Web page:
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YouTube, Universal near new video deal

Veni, vidi, Vevo

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Universal Music Group and Google’s YouTube are close to sealing a deal to build a new home for music videos on the interwebs.

Under the proposed agreement, YouTube - propped up by Google’s technology and advertising sales support - would distribute Universal’s video content to other websites, according to anonymous sources cited by the Wall Street Journal.

The new site carries the working title of Vevo. Indeed, a quick search via Whois reveals that Vevo.com currently points at Universal’s servers.

Talks are still going on and no final agreement has been reached. But a deal could be inked within the next few weeks, according to the paper.

Universal is the biggest record label in the world and has artists such as U2, Amy Winehouse and Beck on its roster.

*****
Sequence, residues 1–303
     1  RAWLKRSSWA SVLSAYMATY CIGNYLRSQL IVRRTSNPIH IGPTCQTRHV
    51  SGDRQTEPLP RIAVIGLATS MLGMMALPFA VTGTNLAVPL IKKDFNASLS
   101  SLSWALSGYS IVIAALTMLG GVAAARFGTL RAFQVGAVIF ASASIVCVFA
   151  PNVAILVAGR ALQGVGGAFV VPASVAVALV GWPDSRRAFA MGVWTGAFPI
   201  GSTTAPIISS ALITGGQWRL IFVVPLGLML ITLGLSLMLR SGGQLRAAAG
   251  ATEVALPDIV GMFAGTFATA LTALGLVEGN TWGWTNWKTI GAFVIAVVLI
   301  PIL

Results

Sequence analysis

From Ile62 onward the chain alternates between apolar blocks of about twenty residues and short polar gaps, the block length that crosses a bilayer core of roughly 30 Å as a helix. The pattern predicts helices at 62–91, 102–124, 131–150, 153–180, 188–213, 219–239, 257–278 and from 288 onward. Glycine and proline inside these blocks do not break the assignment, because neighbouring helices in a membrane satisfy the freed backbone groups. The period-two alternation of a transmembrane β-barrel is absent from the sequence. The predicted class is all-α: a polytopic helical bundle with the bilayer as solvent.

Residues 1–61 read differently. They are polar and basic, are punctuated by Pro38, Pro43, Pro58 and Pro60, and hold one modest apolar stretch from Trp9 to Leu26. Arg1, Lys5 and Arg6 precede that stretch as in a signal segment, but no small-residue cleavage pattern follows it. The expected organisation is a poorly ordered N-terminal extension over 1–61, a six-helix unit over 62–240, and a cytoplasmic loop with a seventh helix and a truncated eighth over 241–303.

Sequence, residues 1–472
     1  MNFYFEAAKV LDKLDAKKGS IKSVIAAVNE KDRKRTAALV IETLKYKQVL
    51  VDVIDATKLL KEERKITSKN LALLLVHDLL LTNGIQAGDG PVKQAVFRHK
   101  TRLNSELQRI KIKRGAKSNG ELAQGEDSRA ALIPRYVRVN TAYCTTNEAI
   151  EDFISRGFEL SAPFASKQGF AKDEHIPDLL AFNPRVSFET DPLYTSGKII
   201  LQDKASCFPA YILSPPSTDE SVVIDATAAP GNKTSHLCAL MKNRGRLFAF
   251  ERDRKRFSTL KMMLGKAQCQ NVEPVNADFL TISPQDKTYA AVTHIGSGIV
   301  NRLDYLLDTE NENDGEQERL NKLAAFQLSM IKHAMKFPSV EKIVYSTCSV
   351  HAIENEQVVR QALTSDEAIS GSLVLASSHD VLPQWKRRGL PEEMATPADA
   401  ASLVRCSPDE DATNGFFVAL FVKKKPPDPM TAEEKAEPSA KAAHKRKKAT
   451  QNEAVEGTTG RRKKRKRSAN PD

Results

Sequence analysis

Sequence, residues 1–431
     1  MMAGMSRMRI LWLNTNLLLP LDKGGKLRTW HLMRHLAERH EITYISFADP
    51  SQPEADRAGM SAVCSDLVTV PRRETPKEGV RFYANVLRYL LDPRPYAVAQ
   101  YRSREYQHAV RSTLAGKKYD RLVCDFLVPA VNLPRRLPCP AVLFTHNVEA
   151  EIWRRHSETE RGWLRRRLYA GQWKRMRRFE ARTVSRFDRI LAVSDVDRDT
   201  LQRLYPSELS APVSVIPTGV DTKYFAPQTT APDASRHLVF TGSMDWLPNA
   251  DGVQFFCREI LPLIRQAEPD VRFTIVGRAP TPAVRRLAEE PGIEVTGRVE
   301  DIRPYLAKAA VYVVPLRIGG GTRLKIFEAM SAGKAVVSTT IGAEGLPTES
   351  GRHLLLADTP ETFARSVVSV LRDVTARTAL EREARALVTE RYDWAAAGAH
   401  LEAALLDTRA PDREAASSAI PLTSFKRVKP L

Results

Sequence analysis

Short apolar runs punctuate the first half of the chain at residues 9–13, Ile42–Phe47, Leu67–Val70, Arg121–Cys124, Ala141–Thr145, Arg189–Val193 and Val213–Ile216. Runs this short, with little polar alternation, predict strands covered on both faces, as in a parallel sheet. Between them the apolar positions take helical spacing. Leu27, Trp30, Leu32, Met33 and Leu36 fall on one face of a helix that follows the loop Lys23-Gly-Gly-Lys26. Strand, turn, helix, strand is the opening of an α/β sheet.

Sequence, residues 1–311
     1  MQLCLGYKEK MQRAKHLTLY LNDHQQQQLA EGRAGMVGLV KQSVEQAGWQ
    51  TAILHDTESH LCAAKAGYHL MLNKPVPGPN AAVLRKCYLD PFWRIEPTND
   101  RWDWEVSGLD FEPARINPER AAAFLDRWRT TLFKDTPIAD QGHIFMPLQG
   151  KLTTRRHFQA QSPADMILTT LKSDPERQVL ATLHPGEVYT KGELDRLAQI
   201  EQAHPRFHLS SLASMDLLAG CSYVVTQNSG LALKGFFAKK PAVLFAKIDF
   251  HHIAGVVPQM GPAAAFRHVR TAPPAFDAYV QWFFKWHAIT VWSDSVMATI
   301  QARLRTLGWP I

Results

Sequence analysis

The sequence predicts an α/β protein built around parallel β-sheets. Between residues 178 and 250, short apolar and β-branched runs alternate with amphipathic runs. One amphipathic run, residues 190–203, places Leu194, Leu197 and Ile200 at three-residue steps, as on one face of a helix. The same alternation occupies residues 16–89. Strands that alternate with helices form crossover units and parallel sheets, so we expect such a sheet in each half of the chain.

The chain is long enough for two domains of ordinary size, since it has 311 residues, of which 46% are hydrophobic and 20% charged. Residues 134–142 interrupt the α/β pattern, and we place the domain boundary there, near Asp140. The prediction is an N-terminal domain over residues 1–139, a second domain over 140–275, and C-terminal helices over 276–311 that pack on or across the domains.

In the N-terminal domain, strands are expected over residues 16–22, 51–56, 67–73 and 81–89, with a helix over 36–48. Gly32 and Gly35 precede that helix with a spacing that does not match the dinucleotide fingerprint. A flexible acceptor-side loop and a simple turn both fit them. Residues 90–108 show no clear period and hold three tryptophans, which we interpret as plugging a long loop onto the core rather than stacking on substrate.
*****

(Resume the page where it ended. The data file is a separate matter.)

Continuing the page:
Such a deal would be YouTube’s latest attempt to plump up its profits by selling more expensive ads off the back of premium content. Music videos are an extremely popular draw on the site, which Google bought in October 2006 for $1.65bn.

It is not clear at this stage if YouTube is in similar talks with other record labels to create their own tailored premium online music video service.

"We are always working with our partners to find creative ways to connect music, musicians, and fans," said the video sharing site in a statement.

The Big Four record labels - Universal, Sony Music, EMI and Warner Music Group - have recently been renegotiating licensing deals with YouTube to allow it to continue to offer users their music videos.

Sony renewed its contract with YouTube in February, EMI is currently locked in talks with the firm, and Universal's present deal expires at the end of this month.

However, late last year discussions between YouTube and Warner stalled after the two firms failed to reach a licensing agreement and Warner's content was subsequently removed from YouTube.

Earlier this week rock star Neil Young hit out at the video sharing site, claiming it unfairly punishes artists because it fails to equally compensate individual musicians and record labels. ®

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